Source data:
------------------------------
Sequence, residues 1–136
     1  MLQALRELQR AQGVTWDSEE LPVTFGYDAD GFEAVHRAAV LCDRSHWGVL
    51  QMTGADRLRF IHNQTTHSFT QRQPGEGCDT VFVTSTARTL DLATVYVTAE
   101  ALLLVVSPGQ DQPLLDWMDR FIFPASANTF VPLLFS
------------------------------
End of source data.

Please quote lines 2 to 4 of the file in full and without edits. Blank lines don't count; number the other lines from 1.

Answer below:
     1  MLQALRELQR AQGVTWDSEE LPVTFGYDAD GFEAVHRAAV LCDRSHWGVL
    51  QMTGADRLRF IHNQTTHSFT QRQPGEGCDT VFVTSTARTL DLATVYVTAE
   101  ALLLVVSPGQ DQPLLDWMDR FIFPASANTF VPLLFS